Supreme Court denies review of North Carolina ultrasound law

The U.S. Supreme Court has opted not to review a North Carolina ultrasound law struck down by the Fourth Circuit Court of Appeals, SCOTUSblog reports. The 8-1 decision, rendered without comment and opposed only by Justice Antonin Scalia, effectively ends state pro-lifers’ hopes of seeing the law take effect in its current form.

Enacted in 2011 and invalidated in December 2014’s Walker-McGill v. Stuart, the Woman’s Right to Know Act drew legal challenge on the grounds that, beyond requiring the performance of an ultrasound before an abortion, an abortionist must also verbally describe what the ultrasound displays.

“This compelled speech, even though it is a regulation of the medical profession, is ideological in intent and in kind,” Judge J. Harvie Wilkinson wrote, arguing that as such it violated abortionists’ free speech rights under the First Amendment. He also claimed it goes beyond traditional informed-consent requirements because, “Rather than engaging in a conversation calculated to inform, the physician must continue talking regardless of whether the patient is listening.”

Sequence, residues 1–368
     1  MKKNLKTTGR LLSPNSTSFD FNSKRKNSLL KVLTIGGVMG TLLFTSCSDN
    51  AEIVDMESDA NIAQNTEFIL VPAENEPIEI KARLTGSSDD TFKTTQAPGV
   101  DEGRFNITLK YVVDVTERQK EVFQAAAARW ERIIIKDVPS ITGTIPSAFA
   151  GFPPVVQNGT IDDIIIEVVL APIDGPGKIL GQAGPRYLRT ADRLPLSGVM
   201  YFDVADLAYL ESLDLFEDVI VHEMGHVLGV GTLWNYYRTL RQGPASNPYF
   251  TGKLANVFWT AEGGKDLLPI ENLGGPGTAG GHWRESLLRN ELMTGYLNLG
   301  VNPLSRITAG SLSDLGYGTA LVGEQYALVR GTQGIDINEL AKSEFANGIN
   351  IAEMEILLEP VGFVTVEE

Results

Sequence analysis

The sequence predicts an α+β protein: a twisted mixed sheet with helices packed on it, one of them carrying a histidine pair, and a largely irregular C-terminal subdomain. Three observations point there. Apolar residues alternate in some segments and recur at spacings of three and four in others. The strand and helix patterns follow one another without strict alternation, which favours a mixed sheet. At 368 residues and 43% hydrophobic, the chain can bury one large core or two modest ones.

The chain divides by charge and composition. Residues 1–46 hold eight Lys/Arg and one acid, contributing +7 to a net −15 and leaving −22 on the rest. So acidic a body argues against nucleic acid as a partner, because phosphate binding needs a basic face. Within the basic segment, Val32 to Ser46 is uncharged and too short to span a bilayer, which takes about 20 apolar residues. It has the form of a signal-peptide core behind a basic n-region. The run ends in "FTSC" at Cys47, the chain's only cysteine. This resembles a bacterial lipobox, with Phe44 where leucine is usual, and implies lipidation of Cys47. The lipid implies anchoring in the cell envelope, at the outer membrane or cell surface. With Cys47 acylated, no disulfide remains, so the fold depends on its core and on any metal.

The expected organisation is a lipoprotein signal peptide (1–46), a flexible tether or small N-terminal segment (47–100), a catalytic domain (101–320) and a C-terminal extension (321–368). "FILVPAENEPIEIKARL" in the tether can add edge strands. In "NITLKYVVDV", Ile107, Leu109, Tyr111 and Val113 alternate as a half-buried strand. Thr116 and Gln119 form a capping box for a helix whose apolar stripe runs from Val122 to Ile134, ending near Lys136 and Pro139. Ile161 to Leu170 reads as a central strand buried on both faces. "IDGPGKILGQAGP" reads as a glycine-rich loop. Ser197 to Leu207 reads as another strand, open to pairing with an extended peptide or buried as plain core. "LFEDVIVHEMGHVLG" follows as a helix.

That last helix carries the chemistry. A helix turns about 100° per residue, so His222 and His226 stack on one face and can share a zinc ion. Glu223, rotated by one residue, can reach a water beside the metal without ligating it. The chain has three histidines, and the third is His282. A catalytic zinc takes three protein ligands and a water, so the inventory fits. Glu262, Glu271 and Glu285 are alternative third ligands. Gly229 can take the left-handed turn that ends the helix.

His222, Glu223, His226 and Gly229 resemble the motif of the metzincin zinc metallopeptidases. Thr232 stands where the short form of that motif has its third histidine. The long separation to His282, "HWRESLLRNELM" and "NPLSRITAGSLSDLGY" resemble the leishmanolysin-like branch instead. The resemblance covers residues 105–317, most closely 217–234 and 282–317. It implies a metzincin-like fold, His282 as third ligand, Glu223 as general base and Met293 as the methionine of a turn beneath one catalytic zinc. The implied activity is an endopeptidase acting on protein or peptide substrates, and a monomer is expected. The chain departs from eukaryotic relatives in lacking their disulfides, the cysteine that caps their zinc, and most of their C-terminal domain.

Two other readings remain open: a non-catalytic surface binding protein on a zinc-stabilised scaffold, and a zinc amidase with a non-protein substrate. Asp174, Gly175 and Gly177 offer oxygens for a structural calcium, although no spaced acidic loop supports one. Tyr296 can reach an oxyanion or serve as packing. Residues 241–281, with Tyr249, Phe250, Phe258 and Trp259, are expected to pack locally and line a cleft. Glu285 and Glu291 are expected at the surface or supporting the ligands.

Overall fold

However, Alliance Defending Freedom Senior Counsel Steven H. Aden contends that the “court was wrong to view these reasonable disclosures of fact as merely ideological.”

The group issued a statement after the Supreme Court’s decision, noting: “Abortionists should not be exempted from the standard that anyone performing risky surgery fully inform the patient of what the procedure is and what it does…Contrary to the 4th Circuit’s decision, there is nothing ‘extreme’ about a measure that only seeks to require abortionists to employ technology they are already using for abortions.”

Wilkinson did concede that the rest of the law’s informed-consent requirements, including the risks of abortion and resources on abortion alternatives, were not at issue.

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